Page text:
However today it is extremely hard to find surviving examples and almost all those we do see have been patched or repaired. These cloths are not well represented in museum collections and published sources, reflecting their rarity but one piece collected before 1890 and now in the American Museum of Natural History, New York may be seen here. This is a particularly fine completely intact example in excellent condition and with an unusually elaborate configuration of stripes. It would have been an heirloom cloth passed down from mother to daughter over several generations. It retains it's very neat hand stitched seams throughout. Measurements: 78ins x 66ins, 200cm x 168cm





Click on the photos to enlarge.‘ To see this cloth and others in our online gallery of Nigerian women’s weaving click here.

Wednesday, 23 September 2015

Exhibition:- “Seeing Red: World Textiles” in Bloomington, Indiana

005a_6062 Seeing Red- World Textiles 9-2015

Ivy Tech John Waldron Arts Center, Bloomington, Indiana August 28 to September 26, 2015

“This September 2015 Lotus Arts and Education Foundation in conjunction with Ivy Tech John Waldron Gallery will present an exhibition of rare and unusual textiles featuring the color red. “Seeing Red: World Textiles” features over forty hand woven and constructed textiles dating from Egyptian to modern times. Seven Indiana collectors -- Suzanne Halvorson, Joan Hart, William Itter, Barbara Livesey, Harold Mailand, and George Malacinski, met this past February to review and select textiles from their collections composed of every shade of red. All of the textiles revealed that red can be a dominant color that shapes and defines a textile’s ingenious construction and cultural prominence. Not only is red a color of great optical range, it is a color of many personal, emotional, and theoretical meanings. This exhibit ventures to explore the diversity of red and its identity as a beautiful color. This exhibit opens Friday, August 28th, and concludes Saturday, September 26th, the weekend of Lotus World Music and Arts Festival (see: lotusfest.org).”

002a_6055 Seeing Red- World Textiles 9-2015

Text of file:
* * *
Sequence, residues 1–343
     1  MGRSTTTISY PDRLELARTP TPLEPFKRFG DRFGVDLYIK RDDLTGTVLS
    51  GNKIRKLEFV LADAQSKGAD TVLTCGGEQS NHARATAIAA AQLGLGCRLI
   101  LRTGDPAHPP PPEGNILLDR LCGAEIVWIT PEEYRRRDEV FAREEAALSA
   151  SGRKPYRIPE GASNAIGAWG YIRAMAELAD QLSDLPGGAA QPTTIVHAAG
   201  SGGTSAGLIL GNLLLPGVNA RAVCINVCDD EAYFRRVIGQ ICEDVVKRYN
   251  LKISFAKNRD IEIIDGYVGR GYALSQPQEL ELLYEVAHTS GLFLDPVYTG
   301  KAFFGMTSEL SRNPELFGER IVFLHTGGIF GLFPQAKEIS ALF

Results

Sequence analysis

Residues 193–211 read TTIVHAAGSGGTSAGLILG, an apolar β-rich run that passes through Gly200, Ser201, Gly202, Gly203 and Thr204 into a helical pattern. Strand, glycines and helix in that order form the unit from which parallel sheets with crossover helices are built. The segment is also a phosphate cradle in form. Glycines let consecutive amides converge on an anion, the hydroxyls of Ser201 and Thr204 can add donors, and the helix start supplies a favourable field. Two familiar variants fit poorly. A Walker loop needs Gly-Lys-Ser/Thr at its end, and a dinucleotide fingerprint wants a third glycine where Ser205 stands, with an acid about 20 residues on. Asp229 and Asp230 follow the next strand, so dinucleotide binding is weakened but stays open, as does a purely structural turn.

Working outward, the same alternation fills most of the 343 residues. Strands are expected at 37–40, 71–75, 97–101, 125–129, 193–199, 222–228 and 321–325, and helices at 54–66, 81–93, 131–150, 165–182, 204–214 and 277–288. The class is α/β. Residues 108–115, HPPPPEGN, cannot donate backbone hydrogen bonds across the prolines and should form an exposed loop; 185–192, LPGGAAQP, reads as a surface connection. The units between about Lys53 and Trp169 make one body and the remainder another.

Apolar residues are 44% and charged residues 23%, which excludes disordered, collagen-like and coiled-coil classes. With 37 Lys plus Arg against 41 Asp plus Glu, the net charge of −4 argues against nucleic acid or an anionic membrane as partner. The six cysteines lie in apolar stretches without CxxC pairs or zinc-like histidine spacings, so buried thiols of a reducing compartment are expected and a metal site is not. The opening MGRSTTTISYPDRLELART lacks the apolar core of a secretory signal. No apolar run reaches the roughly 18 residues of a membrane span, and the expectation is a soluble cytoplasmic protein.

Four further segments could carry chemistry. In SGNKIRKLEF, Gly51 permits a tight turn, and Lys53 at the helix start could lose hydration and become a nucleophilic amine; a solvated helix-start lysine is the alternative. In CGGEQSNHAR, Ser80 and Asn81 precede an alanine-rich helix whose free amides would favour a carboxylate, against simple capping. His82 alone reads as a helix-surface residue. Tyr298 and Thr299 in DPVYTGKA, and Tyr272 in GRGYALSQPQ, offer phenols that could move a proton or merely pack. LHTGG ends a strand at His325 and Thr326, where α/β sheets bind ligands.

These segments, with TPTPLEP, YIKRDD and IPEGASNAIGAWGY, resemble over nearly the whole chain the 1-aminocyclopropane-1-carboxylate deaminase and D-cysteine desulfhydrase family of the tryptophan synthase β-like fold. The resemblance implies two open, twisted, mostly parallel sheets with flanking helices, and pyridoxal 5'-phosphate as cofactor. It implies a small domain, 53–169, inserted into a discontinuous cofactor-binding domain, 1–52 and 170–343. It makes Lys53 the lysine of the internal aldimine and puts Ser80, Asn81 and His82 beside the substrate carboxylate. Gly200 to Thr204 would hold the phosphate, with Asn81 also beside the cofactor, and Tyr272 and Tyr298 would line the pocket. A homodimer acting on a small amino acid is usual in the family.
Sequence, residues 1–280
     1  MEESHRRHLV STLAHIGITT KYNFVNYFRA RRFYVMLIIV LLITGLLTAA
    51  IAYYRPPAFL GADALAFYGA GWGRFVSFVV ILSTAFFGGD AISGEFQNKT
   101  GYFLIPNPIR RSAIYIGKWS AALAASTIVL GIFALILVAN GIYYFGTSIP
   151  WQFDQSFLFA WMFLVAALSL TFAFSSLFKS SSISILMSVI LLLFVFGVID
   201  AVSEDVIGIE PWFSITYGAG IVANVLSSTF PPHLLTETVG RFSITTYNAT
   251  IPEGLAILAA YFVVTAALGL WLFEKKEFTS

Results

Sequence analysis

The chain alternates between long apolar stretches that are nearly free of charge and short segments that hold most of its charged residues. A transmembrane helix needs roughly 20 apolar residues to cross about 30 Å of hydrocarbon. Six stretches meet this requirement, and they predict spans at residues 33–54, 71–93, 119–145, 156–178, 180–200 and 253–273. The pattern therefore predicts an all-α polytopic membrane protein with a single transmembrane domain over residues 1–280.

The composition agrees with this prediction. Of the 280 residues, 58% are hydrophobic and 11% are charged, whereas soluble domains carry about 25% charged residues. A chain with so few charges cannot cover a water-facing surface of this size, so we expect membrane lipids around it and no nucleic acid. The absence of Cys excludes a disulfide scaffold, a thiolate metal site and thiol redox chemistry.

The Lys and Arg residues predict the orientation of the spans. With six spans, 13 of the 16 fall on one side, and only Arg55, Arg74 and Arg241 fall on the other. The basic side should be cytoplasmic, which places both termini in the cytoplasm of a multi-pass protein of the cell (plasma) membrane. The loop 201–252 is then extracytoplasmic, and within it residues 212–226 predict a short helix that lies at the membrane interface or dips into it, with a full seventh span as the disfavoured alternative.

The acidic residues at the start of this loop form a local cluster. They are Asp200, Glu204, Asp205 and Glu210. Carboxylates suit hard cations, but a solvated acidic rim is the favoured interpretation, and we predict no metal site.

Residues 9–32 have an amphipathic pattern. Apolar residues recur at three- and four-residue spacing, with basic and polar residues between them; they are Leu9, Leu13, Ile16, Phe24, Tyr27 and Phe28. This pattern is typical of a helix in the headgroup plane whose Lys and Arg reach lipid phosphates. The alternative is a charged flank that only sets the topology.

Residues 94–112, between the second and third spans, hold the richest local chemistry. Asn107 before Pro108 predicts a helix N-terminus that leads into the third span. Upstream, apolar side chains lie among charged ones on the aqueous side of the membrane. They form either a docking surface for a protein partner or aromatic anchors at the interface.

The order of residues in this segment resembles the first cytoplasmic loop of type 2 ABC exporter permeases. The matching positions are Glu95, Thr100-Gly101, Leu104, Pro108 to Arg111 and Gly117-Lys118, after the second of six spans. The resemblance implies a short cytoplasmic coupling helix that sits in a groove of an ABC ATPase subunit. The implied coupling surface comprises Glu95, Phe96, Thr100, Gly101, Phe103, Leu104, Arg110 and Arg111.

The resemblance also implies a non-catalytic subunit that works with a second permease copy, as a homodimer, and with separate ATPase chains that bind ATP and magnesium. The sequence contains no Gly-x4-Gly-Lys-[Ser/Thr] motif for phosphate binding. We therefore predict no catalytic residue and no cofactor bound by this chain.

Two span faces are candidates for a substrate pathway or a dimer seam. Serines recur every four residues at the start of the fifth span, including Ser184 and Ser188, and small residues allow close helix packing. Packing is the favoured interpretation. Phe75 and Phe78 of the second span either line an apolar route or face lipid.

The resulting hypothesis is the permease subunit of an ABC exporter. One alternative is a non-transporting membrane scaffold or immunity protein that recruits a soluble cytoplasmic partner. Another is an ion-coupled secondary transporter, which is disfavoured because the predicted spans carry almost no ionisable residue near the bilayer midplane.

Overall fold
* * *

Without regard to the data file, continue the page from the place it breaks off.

001_6102 Seeing Red- World Textiles 9-2015

004a_6060 Seeing Red- World Textiles 9-2015

008b_6080 Seeing Red- World Textiles 9-2015

011c_6085 Huari Seeing Red- World Textiles 9-2015

Click on the photos to enlarge. All photos © William Itter.

Please don’t share without permission.

Friday, 18 September 2015

“Kongo: Power and Majesty” at the Met.

I already mentioned the show but this important exhibition really is a unique, once in a lifetime, opportunity to view many of the earliest surviving African textiles, drawn together from numerous  museum collections across Europe. A few years ago I went all the way to Ulm to see the cloth below (okay and a couple of others.) Don’t miss it !


Date: 16th–17th century, inventoried 1659

Geography: Democratic Republic of the Congo; Angola; Republic of the Congo Culture: Kongo peoples; Kongo Kingdom Medium: Raffia Dimensions: L. 75 9/16 in. (192 cm), H. 59 7/16 in (151 cm) [excluding 5 1/2 in (14 cm) perimeter fringe ] Classification: Textiles-Woven Credit Line: Kunst- und Wunderkammer des Christoph Weickmann, Ulmer Museum, Ulm, Germany

Note that this astonishingly fine cloth above is almost two metres square – looking at the photos it is too easy to visualize it as the small Kuba squares that we are so familiar with.



Luxury Cloth: Cushion Cover

Date: 17th–18th century, inventoried 1737. Geography: Democratic Republic of the Congo; Angola; Republic of the Congo Culture: Kongo peoples; Kongo Kingdom. Medium: Raffia Dimensions: 21 1/4 in. (54 cm) × 21 1/4 in. (54 cm)Classification: Textiles-Woven Credit Line: Nationalmuseet, Copenhagen


Prestige Cap (Mpu)

Date: 16th–17th century, inventoried 1674 Geography: Democratic Republic of the Congo; Angola; Republic of the Congo Culture: Kongo peoples; Kongo Kingdom Medium: Raffia or pineapple fiber Dimensions: H. 7 1/8 (18 cm), Diam. 5 7/8 in. (15 cm) Classification: Textiles-Non-Woven Credit Line: Nationalmuseet, Copenhagen



Prestige Cap (Mpu)